Analysts at the National Security Agency can now secretly access real-time user data provided by as many as 50 American companies, ranging from credit rating agencies to internet service providers, two government officials familiar with the arrangements said.
Several of the companies have provided records continuously since 2006, while others have given the agency sporadic access, these officials said. These officials disclosed the number of participating companies in order to provide context for a series of disclosures about the NSA's domestic collection policies. The officials, contacted independently, repeatedly said that "domestic collection" does not mean that the target is based in the U.S. or is a U.S. citizen; rather, it refers only to the origin of the data.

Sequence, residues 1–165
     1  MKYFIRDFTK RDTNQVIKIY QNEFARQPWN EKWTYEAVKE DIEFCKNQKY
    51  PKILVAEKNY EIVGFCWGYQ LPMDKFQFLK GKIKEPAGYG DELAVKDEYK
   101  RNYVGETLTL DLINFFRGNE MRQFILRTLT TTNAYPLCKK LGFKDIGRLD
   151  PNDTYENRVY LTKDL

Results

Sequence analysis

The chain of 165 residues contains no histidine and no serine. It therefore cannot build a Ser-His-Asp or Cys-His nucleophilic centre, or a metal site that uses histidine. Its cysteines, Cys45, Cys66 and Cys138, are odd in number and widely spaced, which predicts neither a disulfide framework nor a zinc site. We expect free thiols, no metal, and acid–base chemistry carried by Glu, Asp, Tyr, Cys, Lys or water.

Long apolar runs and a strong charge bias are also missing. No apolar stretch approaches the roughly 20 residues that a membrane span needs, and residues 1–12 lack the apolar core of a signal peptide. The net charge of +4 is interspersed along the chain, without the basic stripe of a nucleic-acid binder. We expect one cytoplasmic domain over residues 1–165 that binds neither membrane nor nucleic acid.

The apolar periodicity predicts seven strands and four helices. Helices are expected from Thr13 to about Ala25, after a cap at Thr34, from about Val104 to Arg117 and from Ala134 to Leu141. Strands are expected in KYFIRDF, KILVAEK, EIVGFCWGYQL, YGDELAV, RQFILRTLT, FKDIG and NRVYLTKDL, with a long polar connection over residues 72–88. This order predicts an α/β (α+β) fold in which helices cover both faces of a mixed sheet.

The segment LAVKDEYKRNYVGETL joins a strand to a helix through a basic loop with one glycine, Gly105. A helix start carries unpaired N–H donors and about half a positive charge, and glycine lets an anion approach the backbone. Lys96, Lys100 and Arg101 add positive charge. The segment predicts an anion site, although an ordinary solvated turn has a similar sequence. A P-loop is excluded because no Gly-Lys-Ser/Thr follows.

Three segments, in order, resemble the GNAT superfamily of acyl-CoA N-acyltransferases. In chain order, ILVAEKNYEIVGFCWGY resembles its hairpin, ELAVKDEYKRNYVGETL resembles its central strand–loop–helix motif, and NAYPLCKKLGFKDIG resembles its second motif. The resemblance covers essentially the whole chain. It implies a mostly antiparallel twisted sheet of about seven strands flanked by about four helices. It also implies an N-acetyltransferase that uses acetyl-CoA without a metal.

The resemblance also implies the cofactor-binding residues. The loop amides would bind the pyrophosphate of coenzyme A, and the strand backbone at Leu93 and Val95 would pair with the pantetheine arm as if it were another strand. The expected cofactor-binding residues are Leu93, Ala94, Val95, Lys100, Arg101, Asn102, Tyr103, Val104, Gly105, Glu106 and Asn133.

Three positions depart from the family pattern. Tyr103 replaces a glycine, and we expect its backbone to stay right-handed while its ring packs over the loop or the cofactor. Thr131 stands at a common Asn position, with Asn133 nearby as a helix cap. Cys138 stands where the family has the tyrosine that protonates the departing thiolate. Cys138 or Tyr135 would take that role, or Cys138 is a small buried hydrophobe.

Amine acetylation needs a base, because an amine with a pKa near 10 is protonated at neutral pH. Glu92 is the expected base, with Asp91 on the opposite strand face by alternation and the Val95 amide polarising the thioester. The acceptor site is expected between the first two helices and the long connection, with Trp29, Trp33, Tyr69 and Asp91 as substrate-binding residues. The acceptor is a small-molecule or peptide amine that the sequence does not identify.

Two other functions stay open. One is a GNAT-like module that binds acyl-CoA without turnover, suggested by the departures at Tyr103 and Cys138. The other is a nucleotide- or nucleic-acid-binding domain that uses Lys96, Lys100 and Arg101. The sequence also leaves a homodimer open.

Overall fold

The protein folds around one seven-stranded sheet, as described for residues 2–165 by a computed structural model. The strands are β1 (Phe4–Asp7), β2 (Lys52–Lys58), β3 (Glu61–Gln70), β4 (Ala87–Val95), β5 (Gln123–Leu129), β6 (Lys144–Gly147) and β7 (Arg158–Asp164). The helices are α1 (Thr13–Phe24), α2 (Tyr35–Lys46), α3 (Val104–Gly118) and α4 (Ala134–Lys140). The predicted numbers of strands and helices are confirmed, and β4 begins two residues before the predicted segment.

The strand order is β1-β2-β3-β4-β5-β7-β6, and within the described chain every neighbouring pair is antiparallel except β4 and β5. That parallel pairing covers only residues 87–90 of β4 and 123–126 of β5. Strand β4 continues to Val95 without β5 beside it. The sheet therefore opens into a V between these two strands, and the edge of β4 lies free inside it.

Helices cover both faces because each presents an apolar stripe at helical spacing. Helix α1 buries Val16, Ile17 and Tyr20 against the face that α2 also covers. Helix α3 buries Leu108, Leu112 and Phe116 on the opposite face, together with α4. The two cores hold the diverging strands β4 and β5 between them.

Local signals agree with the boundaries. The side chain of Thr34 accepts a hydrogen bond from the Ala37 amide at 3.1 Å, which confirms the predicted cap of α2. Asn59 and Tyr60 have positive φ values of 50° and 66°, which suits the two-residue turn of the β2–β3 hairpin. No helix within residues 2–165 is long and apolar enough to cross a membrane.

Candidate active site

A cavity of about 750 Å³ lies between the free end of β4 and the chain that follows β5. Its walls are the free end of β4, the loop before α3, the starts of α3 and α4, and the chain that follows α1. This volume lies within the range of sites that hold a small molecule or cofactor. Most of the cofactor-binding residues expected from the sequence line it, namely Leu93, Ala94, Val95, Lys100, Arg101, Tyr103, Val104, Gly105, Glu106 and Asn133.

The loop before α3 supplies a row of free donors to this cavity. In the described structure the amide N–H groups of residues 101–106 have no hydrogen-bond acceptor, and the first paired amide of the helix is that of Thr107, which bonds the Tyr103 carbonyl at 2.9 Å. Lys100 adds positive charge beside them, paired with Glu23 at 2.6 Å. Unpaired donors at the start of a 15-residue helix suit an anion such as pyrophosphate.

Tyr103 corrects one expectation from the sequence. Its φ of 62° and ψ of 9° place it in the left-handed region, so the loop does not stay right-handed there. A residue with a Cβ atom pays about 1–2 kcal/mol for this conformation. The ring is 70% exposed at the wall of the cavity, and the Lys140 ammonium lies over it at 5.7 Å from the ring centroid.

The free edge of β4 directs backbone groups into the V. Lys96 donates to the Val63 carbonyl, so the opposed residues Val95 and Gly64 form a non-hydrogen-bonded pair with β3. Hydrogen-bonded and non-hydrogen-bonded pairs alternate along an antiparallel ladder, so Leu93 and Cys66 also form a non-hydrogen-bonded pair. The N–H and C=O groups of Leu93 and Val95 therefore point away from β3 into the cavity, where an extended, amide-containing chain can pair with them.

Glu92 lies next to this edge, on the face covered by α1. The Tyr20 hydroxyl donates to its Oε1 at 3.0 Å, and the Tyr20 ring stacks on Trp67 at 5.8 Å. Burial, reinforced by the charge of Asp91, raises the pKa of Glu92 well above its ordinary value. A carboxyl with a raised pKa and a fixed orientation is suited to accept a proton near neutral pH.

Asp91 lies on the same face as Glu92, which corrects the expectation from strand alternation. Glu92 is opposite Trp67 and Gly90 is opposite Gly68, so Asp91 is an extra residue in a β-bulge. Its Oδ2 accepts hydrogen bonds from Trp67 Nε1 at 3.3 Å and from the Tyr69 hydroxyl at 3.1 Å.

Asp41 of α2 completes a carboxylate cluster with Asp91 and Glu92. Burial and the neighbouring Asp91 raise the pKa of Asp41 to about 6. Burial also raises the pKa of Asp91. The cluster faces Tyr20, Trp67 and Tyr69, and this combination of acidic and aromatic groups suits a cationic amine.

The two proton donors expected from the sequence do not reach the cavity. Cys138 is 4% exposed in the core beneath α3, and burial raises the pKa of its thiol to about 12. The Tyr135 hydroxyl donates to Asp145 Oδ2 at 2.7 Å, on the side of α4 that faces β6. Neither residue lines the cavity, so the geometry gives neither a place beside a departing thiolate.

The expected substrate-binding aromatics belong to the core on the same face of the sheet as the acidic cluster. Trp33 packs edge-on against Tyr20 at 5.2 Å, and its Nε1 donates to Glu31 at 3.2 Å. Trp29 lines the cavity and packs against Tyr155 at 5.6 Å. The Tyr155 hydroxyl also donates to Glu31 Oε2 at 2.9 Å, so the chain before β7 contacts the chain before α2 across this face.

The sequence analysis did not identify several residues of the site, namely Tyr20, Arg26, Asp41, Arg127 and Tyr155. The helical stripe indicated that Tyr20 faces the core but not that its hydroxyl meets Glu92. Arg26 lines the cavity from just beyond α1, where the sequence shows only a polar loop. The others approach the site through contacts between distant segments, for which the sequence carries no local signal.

The Wall Street Journal reported today that U.S. credit card companies had also provided customer information. The officials would not disclose the names of the companies because, they said, doing so would provide U.S. enemies with a list of companies to avoid. They declined to confirm the list of participants in an internet monitoring program revealed by the Washington Postand the Guardian, but both confirmed that the program existed.
"The idea is to create a mosaic. We get a tip. We vet it. Then we mine the data for intelligence," one of the officials said.